Interactively shaping robot behaviour with unlabeled human instructions

02/05/2019 ∙ by Anis Najar, et al. ∙ Cole Normale Suprieure UPMC 0

In this paper, we propose a framework that enables a human teacher to shape a robot behaviour by interactively providing it with unlabeled instructions. We ground the meaning of instruction signals in the task learning process, and use them simultaneously for guiding the latter. We implement our framework as a modular architecture, named TICS (Task-Instruction-Contingency-Shaping) that combines different information sources: a predefined reward function, human evaluative feedback and unlabeled instructions. This approach provides a novel perspective for robotic task learning that lies between Reinforcement Learning and Supervised Learning paradigms. We evaluate our framework both in simulation and with a real robot. The experimental results demonstrate the effectiveness of our framework in accelerating the task learning process and in reducing the amount of required teaching signals.

READ FULL TEXT VIEW PDF
POST COMMENT

Comments

There are no comments yet.

Authors

page 11

This week in AI

Get the week's most popular data science and artificial intelligence research sent straight to your inbox every Saturday.

1 Introduction

Over the last few years, substantial progress has been made in both AI [31, 32, 40] and robotics [10]. However, applying machine learning methods to real-world robotic tasks still raises several challenges. One important challenge is to reduce training time, as state-of-the-art machine learning algorithms still require millions of iterations for solving real-world problems [31, 32, 40]. Two complementary approaches for task learning in Robotics are usually considered: autonomous learning and interactive learning.

Autonomous learning methods, such as Reinforcement Learning [22] or Evolutionary Approaches [9], rely on a predefined evaluation function that enables the robot to autonomously evaluate its performance on the task. The main advantage of this approach is the autonomy of the learning process. The evaluation function being integrated on board, the robot is able to optimize its behaviour without requiring help from a supervisor. However, when applied to real-world problems, this approach suffers from several limitations. First, designing an appropriate evaluation function can be difficult in practice [22]. Second, autonomous learning is based on autonomous exploration which results in slow convergence of the learning process, and thus limits the feasibility of such approach in complex real-world problems. Moreover, autonomous exploration may lead to dangerous situations where the robot can damage itself or other objects, or even harm surrounding humans. Safety is an important issue that has to be considered when designing such autonomous learning systems [11].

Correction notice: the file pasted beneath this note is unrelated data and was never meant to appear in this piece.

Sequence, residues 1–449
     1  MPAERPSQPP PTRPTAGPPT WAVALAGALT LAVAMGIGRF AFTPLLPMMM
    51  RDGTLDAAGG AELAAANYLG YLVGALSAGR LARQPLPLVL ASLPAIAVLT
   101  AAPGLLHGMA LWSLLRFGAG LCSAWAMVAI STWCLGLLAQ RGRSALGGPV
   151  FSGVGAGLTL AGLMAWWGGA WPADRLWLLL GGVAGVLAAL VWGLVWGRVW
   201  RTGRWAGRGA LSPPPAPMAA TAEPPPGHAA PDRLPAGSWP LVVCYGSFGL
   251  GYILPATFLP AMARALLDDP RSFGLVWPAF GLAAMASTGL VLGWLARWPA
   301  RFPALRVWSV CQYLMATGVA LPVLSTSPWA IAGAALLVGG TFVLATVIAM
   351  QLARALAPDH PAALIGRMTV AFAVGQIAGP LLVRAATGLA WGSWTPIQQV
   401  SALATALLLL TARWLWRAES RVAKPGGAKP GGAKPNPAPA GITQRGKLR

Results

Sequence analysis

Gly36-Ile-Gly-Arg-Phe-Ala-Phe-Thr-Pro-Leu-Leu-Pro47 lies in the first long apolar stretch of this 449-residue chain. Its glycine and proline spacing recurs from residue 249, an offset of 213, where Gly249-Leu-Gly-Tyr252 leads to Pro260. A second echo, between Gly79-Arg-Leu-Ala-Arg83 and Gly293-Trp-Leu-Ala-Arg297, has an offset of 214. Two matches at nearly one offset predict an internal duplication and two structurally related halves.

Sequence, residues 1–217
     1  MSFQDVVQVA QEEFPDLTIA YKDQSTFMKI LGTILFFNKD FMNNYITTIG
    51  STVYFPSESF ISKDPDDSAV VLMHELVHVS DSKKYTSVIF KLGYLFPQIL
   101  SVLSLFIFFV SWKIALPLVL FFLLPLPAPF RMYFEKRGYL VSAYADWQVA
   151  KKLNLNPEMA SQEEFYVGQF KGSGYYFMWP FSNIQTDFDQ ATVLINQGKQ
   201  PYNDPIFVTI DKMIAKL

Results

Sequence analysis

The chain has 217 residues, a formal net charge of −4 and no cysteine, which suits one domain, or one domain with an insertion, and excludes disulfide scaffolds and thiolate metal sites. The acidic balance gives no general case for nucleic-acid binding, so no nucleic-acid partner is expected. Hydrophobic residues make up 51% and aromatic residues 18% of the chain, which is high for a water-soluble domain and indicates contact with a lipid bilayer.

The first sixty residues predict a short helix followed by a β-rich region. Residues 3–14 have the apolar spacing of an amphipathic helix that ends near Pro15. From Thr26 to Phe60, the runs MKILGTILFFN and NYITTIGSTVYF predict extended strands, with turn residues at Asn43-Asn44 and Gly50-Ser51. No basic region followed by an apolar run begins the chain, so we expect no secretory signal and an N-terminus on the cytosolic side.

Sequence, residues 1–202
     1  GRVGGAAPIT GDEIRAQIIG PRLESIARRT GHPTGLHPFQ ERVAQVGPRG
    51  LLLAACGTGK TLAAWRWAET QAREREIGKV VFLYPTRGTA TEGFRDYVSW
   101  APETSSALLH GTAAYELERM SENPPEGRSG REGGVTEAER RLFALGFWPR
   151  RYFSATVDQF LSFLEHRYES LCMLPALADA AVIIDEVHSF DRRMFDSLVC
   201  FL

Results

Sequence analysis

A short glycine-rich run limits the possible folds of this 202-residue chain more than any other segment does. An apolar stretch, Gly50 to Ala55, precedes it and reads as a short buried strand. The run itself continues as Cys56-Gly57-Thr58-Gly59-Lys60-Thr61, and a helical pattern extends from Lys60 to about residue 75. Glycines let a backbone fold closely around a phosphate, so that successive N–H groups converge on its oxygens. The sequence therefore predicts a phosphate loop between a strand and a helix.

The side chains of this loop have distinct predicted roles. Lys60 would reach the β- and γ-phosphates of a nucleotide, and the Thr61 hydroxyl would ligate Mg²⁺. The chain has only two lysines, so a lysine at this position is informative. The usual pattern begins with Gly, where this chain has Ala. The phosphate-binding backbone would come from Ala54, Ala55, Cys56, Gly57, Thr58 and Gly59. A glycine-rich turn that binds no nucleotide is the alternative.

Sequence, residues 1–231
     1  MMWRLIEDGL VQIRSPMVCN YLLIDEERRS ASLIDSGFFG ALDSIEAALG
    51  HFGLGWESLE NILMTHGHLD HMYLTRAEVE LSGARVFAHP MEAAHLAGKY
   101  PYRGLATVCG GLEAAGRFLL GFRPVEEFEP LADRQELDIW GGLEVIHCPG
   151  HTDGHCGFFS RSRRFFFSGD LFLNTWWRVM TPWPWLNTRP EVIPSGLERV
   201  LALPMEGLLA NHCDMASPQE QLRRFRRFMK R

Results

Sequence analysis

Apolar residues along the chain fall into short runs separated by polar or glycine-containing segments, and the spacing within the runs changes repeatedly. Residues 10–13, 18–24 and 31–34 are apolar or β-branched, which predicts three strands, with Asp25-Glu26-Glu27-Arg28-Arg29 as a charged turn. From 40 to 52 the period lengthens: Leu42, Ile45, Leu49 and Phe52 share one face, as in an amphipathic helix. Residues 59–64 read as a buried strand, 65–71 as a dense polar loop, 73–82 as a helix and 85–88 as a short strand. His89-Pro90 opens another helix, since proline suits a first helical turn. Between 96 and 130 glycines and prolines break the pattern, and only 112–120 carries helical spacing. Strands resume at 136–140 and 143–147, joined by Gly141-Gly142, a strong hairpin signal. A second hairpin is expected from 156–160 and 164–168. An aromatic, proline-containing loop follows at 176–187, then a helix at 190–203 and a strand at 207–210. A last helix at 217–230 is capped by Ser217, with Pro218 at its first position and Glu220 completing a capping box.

By contrast, interactive learning relies on human teaching signals for guiding the robot throughout the learning process [6]. Several types of teaching signals can be provided, such as demonstrations [1], instructions [35] and evaluative feedback [18]. Interactive learning methods overcome the limitations of autonomous learning, by ensuring faster convergence rates and safer exploration. However, they come at the cost of human burden during the teaching process, and the cost of predetermining the meaning of teaching signals [50]. Encoding the meaning of a teaching signal requires engineering skills, which limits the usability of such methods for non expert users. Also, predefined teaching signals constrain the users in the way they can interact with the robot. So, a twofold challenge for interactive learning methods is to minimize their interaction load, and to provide more freedom to non expert users in choosing their own preferred signals for interacting with the robot.

In this paper, we propose a novel framework for robotic task learning that combines the benefits of both autonomous learning and interactive learning approaches. First, we consider reinforcement learning with a predefined reward function for ensuring the autonomy of the learning process. Second, we consider two types of human-provided teaching signals, evaluative feedback and instructions, for accelerating the learning process. Moreover, we relax the constraint of predetermining the meaning of instruction signals by making the robot incrementally interpret their meaning during the learning process. Our main contribution is to show that instructions can effectively accelerate the learning process, even without predetermining their meaning.

We consider interactively provided instruction signals (e.g. pointing to the left/to the right) that indicate to the robot which action it has to perform in a given situation (e.g. turn left/turn right). Our main idea is to use instruction signals as a means for transferring the information about the optimal action between several task states: all states associated with the same instruction signal collectively contribute to interpreting the meaning of that signal; and in turn, an interpreted signal benefits to learning the optimal action in all task states to which it is associated. This scheme serves as a bootstrapping mechanism that reduces the complexity of the learning process; and constitutes a novel perspective for robotic task learning that lies between Reinforcement Learning and Supervised Learning paradigms. Under this scheme, unlabeled instruction signals are interpreted through a reinforcement learning process, and used for labeling task states in a supervised learning way (Fig. 1).